Toddler Returns to Parents Care – NAI & EDS
Re B (A Child)  EWHC B1 (Fam)
One of the best parts of my job is when a parent is exonerated and a child goes home to his parents.
The case in question (which is reported here on Bailli http://www.bailii.org/ew/cases/EWHC/Fam/2014/B1.html) involved subdural haemorrhages (both old and new) and bilateral retinal haemorrhages. The child was 9 months old on admission to hospital when the injuries were discovered.
The medical evidence from the neurosurgeon was that the chronic subdural haemorrhage was already present and the significant head circumference increase after birth meant it was most likely a birth injury. This is a significant development and is, to my knowledge, the oldest chronic subdural ever reported.
Another important feature of this case was Ehlers Danlos Syndrome (EDS); the father had been diagnosed with type 3 (joint hypermobility). There is a 50% chance that a child will inherit EDS. The child was deemed to have features of joint hypermobility which is significant as children under 3 years old are hard to diagnose as they do not usually display joint laxity (therefore increasing the likelihood of EDS if they display signs of joint laxity).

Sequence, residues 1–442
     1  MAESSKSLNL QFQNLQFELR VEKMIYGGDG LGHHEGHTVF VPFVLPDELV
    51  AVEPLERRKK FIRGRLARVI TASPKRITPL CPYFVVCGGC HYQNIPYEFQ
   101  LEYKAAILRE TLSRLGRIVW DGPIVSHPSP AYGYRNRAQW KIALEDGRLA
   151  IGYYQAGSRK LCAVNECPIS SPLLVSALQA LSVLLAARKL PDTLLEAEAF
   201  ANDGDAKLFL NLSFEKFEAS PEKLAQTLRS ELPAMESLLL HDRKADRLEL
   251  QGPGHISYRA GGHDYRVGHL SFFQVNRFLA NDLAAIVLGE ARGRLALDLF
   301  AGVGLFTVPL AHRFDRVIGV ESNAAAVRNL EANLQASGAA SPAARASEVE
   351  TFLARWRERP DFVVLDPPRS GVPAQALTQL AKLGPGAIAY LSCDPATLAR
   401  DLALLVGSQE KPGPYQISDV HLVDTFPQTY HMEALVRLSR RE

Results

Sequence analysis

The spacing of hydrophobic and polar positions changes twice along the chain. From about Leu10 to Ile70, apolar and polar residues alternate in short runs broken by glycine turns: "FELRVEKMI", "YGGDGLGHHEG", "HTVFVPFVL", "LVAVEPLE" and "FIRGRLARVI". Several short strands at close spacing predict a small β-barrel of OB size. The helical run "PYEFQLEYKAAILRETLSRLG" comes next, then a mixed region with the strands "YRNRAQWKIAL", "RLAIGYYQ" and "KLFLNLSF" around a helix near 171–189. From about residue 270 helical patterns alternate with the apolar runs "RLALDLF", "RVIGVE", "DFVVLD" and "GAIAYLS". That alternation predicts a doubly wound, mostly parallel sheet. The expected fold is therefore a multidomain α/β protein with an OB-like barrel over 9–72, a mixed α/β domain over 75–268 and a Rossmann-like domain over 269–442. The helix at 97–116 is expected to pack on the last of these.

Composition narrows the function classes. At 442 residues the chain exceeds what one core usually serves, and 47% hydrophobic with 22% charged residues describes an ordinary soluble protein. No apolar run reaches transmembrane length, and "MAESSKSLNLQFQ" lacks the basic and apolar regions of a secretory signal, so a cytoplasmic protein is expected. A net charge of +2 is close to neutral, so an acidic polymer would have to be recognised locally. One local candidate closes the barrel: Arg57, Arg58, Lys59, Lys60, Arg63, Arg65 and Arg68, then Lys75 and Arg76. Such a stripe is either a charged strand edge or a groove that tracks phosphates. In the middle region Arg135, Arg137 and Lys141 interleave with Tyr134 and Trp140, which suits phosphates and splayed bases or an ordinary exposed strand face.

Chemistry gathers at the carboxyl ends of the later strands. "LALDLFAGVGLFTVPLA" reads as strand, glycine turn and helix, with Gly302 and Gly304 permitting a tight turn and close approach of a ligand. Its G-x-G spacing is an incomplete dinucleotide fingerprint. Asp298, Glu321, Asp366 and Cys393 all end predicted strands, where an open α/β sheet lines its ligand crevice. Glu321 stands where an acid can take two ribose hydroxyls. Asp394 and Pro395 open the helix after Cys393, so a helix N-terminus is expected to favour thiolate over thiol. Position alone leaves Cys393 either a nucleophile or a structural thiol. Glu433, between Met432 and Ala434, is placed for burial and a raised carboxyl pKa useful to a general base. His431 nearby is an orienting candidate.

The evidence was clear that any kind of EDS predisposes to easy bruising and the easier rupture of small blood vessels and capillaries (vascular EDS/type 4 also effects the larger arteries and vessels).
By the time we reached the fact find and heard evidence, the expert paediatrician was ‘uncomfortable’ with the notion that this was NAI and the neurosurgeon felt the findings were consistent with a birth subdural haemorrhage and rebleed due to a short fall with the EDS adding to the vulnerability of this child.
The judge found that the parents were consistent in their account from the first point of contact (dialling 999). Their account was tested vigorously in cross examination but the judge felt that there was nothing in their evidence to suggest that they were not telling the truth. The local authority therefore failed to discharge the burden of proof. The interim care order was discharged and the parents were able to collect their little boy from the foster carers.
You can read what The Telegraph said about the case here